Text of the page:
Navigation Links
Study finds that long-distance migration shapes butterfly wings
Date:2/11/2010

Athens, Ga. A University of Georgia study has found that monarch butterflies that migrate long distances have evolved significantly larger and more elongated wings than their stationary cousins, differences that are consistent with traits known to enhance flight ability in other migratory species.

As part of a National Science Foundation and UGA-funded study, researchers in the Warnell School of Forestry and Natural Resources and the Odum School of Ecology examined the size and shape of monarchs from migratory and non-migratory populations using sophisticated computer imaging that was able to measure precise details about the insects' wings. Warnell doctoral candidate Andy Davis and Odum Associate Professor Sonia Altizer compared migratory monarchs from the eastern and western U.S. to those in Hawaii, Costa Rica, South Florida and Puerto Rico that do not migrate. They also measured the wings of lab-grown monarchs to rule out environmental causes of differences in size and shape, and to demonstrate a genetic basis for variation in wing traits among individual monarchs. Altizer and Davis' findings were recently published in the online edition of the scientific journal Evolution.

The findings in monarchs were consistent with previous studies comparing migratory and non-migratory bird species, which indicate that the best shape for long-distance flight involves long wings with a narrow tip to help reduce drag. In addition to their findings on wing size and shape, the team also found that monarchs from the two migratory populations in the U.S. differed in body size, suggesting that each population could have adapted to the demands of migration in subtly different ways. Larger bodies might help eastern monarchs, with their much longer migration, carry fat deposits to fuel the long journey and five-month overwintering period in Mexico.

Monarchs in eastern North America, famous for migrating the longest distances of any insect species in the world, face a number of threats, to the point that monarch migration is considered to be an "endangered phenomenon." Davis has published previous research indicating that female monarch butterflies are on a 30-year decline in the eastern U.S., a troubling pattern that paints a dire picture for population recruitment. Furthermore, monarchs from this population are prone to periodic population crashes from storms at the Mexican overwintering site. Although monarchs worldwide are not threatened, Altizer said, those with the larger wingspan are. "Our study shows that we would lose an evolutionarily unique population if the migration of eastern monarchs were to unravel," she said.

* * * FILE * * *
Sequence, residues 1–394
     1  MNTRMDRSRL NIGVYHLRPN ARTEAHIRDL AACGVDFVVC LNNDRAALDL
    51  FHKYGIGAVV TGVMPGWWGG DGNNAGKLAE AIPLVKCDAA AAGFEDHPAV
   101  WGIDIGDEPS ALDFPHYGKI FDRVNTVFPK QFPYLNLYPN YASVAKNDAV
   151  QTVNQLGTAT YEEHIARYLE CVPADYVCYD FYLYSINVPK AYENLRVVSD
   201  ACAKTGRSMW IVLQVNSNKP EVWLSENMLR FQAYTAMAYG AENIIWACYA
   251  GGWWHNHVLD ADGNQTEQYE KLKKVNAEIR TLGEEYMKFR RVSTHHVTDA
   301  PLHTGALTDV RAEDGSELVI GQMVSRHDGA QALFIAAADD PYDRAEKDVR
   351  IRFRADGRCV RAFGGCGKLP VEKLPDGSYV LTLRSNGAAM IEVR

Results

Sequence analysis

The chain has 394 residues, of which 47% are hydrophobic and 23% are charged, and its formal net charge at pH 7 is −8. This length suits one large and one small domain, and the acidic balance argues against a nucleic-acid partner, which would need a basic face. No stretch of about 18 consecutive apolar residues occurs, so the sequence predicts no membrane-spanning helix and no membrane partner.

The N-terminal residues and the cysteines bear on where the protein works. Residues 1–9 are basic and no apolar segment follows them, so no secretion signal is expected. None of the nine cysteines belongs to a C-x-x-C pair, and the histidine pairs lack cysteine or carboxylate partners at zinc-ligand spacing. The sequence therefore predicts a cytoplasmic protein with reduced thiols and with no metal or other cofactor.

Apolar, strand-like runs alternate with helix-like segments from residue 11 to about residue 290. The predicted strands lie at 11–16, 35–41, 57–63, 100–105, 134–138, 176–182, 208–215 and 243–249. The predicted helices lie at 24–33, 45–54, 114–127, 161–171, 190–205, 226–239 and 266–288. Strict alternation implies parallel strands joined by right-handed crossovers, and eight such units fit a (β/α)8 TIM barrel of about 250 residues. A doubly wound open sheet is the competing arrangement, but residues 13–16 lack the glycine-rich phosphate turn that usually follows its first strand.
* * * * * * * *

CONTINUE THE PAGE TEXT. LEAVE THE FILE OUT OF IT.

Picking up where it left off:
'/>"/>
Contact: Sandi Martin
smartin@warnell.uga.edu
706-542-2079
University of Georgia
Source:Eurekalert

Related biology news :

1. Brain study offers insight into causes of autism
2. Study finds surprising new branches on arthropod family tree
3. New genome sequence will aid study of important food, fuel crops
4. New UC Davis study: Climate tipping points may arrive without warning, says top forecaster
5. Multicenter study finds little effect of soy isoflavones on bone loss in postmenopausal women
6. New study examines the impact on children of food product placements in the movies
7. Comprehensive study using bioinformatics predicts the molecular causes of many genetic diseases
8. Study reveals new details on the dangers of third-hand smoke
9. UC Davis study confirms link between advanced maternal age and autism
10. NTU researchers complete the worlds first in-depth study of the malaria parasite genome
11. Study reveals potential evolutionary role for same-sex attraction
Post Your Comments:
*Name:
*Comment:
*Email:
(Date:4/13/2017)... , April 13, 2017 According to a ... Identity Authentication, Identity Analytics, Identity Administration, and Authorization), Service, Authentication Type, Deployment ... the IAM Market is expected to grow from USD 14.30 Billion in ... Rate (CAGR) of 17.3%. ... MarketsandMarkets Logo ...
(Date:4/11/2017)... 11, 2017 No two people are ... the New York University Tandon School of Engineering ... found that partial similarities between prints are common ... mobile phones and other electronic devices can be ... vulnerability lies in the fact that fingerprint-based authentication ...
(Date:4/5/2017)...  The Allen Institute for Cell Science today announces ... portal and dynamic digital window into the human cell. ... application of deep learning to create predictive models of ... a growing suite of powerful tools. The Allen Cell ... publicly available resources created and shared by the Allen ...
Breaking Biology News(10 mins):
(Date:10/12/2017)... ... October 12, 2017 , ... DuPont Pioneer and recently formed ... entered into a multiyear collaboration to identify and characterize novel CRISPR-Cas nucleases. The ... gene editing across all applications. , Under the terms of the agreement, Pioneer ...
(Date:10/12/2017)... ... October 12, 2017 , ... ... genomics analysis platform specifically designed for life science researchers to analyze and ... researcher Rosalind Franklin, who made a major contribution to the discovery of ...
(Date:10/11/2017)... Alto, CA, USA (PRWEB) , ... October 11, 2017 , ... ... set to take place on 7th and 8th June 2018 in San Francisco, CA. ... policy influencers as well as several distinguished CEOs, board directors and government officials from ...
(Date:10/11/2017)... ... October 11, 2017 , ... Disappearing forests and increased emissions ... over 5.5 million people each year. Especially those living in larger cities are affected ... based in one of the most pollution-affected countries globally - decided to take action. ...
Breaking Biology Technology: